New to smallholding or feeling cut off? There are many ways to make friends and start feeling as if you belong to the local community, as Jack Smellie reveals
Animals stranded due to heavy snowfall, flooded barns and spoilt forage, calls for more hay and straw because sheep and cattle remained endlessly indoors. These were all familiar problems last winter. Alongside all the cries for help came the heart-warming tales of farmers and smallholders coming to the rescue. It is rare that people don’t lend support in times of need. But what about the other times? What about the times when, as a smallholder, you want to know what you should be feeding your goats, or you need help moving a chicken house or you simply want to talk things through with someone?
Smallholding can be quite a lonely way of life, but beyond the farm gates or ensconced in the millions of social media interactions via your internet connection there is a huge, welcoming and problem-solving community just waiting to offer support. No matter how trivial, mundane, mad or embarrassing your needs, someone will be able to help. But how do you tap into this world? First of all you have to get over ‘smallholder syndrome’ — the “I can do this on my own” attitude which can often result in the job being done badly or not done at all.
Love thy neighbour
If you want to discover more about your local community, your first port of call has to be your neighbours. My partner, David Chidgey, and I are lucky with ours. None are that close —and we rather like it that way — but the two local farmers whose land surrounds ours are friendly, welcoming, understanding of our smallholder ways and they have been there in our hours of need and vice versa. Last spring we swapped skills and advice with one on how to get a ewe to foster a lamb in exchange for two crucial votes to ensure that their granddaughter became the village carnival queen. It was bartering at its best.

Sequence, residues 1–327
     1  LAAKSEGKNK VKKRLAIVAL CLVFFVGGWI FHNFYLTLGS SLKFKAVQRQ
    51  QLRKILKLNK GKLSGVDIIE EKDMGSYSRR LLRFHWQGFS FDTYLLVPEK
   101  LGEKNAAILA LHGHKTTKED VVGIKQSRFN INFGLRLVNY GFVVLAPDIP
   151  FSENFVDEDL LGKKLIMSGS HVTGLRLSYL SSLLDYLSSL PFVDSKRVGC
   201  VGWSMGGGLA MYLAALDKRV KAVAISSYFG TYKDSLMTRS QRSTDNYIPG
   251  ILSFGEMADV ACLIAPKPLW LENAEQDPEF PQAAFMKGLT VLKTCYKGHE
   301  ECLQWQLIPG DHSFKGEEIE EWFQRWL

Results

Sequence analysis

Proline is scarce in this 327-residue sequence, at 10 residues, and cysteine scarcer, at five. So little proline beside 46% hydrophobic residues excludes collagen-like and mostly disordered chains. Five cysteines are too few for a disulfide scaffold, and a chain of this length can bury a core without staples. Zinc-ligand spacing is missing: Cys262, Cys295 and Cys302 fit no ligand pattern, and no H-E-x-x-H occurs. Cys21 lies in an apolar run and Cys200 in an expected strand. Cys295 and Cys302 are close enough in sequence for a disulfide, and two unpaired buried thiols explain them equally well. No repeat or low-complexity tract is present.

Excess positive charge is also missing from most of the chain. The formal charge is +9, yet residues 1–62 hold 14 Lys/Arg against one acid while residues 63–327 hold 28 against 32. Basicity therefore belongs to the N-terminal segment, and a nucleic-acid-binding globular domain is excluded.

When we had our first smallholding, we had more of a mix of neighbours — from the farmer who threatened to shoot our dog, to the slight recluse who had a pet steer living in his kitchen and whose idea of help was to come and lean on our fencing and chat while we endeavoured to get the evening chores done around him. We had to go a little bit further afield to find helpful neighbours then, but to the rest we were perhaps overly nice, even doing a weekly egg drop-off to a neighbour we knew had moaned to the gun-wielding farmer about our dogs. At least she was then nice to our faces and we didn’t much care what she said behind our backs.
Neighbour disputes can get ugly and if allowed to rumble on can be an emotional drain. It is therefore always worthwhile to cultivate good relations. Apart from anything else, it can be a huge comfort to know they are there. And because smallholders tend to be generous sorts, as much pleasure can be gained from giving help as it can from receiving it. Getting on with your neighbours also has a cascading
effect because if they cannot help with a particular problem, they will surely know someone who can.
Making the first move when you are new to smallholding can be daunting, but there are various ways of doing it. Meet your immediate neighbours over the boundary fence and introduce yourself. At this point clarify what you understand all the boundary rights and responsibilities to be: this can save time, hassle and potential awkwardness in the future. During these first few chats it is also prudent to glean as much information as possible about your new community. What is the local village like? Where is the nearest show?